MediaFile

The Huffington Post has No Impact

September 24, 2009

With the documentary “No Impact Man” out in theaters, it’s little surprise that others want to show their support for improving the environment through “no impact” projects of their own. The Huffington Post joins this round of advocacy journalism with Colin Beavan as they launch “No Impact Week,” starting on Oct. 18.

The idea, as expressed in a paperless press release:

The Huffington Post, a leading social news and opinion website, and the No Impact Project, a nonprofit project founded by Colin Beavan, author of No Impact Man and subject of the film by the same title, today announced that the “No Impact Experiment,” an eight-day program encouraging individuals to learn about and implement lifestyle changes to lessen their impact on the environment, will have its inaugural run on the Huffington Post.

Here’s my favorite part:

No Impact Week will feature a daily regimen for users to follow; for instance, Sunday’s focus is on reducing consumption, on Monday the spotlight will be on reducing trash, Tuesday they will commute without adding carbon to the environment – ie, encouraging bike riding and walking; and Wednesday will be about eating foods grown locally and/or sustainably.

The release doesn’t offer an agenda for Thursday, Friday and Saturday so I will: Cut your Internet connection, turn off your computer and read no media, on or offline for the rest of the week (You can tell how hardcore I am, because I’m betting you’ll even get by without MediaFile for a few days). That will help cut your electricity consumption, contributing to your no-impact status. Of course, it would have an impact on The Huffington Post, but that’s another story.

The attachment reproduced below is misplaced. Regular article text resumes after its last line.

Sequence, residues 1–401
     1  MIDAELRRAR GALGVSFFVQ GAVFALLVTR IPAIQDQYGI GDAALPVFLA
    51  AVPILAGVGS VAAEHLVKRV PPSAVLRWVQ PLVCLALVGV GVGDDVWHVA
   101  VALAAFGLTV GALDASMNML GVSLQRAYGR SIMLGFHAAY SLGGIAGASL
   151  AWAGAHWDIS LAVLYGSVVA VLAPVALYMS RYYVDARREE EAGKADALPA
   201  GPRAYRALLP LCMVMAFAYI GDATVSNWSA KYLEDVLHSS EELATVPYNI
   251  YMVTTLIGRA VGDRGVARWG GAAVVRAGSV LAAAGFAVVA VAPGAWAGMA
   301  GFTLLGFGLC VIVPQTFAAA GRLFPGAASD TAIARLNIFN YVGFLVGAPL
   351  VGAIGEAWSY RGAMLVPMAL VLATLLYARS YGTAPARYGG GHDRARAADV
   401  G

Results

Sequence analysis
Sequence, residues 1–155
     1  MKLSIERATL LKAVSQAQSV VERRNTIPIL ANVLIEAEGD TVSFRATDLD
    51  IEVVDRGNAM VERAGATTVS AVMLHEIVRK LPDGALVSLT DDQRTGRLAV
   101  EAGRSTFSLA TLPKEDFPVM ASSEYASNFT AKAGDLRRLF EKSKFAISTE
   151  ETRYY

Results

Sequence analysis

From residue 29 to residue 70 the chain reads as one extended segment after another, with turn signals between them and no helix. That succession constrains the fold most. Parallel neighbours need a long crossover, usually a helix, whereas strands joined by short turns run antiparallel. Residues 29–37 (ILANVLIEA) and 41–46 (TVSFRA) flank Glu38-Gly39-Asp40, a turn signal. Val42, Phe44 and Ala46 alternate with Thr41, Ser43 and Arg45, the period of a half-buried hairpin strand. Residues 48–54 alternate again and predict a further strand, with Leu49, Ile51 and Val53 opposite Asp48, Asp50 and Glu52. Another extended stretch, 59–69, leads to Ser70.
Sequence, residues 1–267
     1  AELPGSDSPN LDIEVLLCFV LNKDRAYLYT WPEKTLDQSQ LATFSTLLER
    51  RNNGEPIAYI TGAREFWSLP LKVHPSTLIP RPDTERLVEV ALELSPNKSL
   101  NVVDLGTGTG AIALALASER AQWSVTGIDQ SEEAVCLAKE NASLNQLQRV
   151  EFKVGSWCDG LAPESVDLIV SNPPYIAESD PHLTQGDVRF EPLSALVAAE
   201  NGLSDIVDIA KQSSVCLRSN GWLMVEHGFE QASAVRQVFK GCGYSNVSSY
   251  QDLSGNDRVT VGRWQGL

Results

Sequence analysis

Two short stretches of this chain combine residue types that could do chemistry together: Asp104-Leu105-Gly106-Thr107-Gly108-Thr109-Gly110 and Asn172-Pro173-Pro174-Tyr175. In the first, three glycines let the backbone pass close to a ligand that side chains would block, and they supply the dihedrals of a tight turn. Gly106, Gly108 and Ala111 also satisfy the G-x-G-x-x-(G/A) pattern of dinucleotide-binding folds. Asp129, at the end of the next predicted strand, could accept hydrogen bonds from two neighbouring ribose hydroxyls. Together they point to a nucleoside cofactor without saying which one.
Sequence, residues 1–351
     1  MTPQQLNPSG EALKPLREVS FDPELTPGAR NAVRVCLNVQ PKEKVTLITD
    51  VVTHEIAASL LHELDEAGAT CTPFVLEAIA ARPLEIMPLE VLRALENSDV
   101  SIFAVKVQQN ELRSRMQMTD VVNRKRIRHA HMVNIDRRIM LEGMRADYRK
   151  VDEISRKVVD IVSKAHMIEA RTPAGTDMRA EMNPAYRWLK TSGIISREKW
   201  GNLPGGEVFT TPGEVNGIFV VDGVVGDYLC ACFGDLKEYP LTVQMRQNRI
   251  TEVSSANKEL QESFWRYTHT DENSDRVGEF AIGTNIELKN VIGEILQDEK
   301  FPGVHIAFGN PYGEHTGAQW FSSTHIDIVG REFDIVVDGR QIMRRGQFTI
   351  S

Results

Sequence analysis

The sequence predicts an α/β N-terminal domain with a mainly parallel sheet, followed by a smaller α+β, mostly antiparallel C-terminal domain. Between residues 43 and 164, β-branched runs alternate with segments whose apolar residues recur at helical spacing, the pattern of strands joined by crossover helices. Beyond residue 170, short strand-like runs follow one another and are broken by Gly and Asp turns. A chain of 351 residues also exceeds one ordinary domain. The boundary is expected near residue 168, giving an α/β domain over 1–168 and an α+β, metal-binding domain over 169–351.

But seriously: Events like this raise the biggest problem with all media — never has it been the most ecologically friendly medium. Freedom of the press means freedom to cut down a lot of trees, burn a lot of oil and if you’re online or in broadcast, suck up a lot of juice, brought to you by coal, nuclear power, the sun or what-have-you.

So I have to ask: Will there ever be a no-impact press? (Stop laughing, you know what I mean.)

(Photo: Reuters)

Comments
3 comments so far | RSS Comments RSS

It appears that environmentalism (as opposed to the common sense and sound science of conservation) has adopted a daily rule similar to that of the Benedictines. It is, afterall, a quasi-religion.

 

Go a step further and don’t buy a new book or watch any TV or movies either. Entertainment is the most ineffiecient way to spend any resource.

 

Well, it seems pretty clear: All entertainment must now be charades.

 

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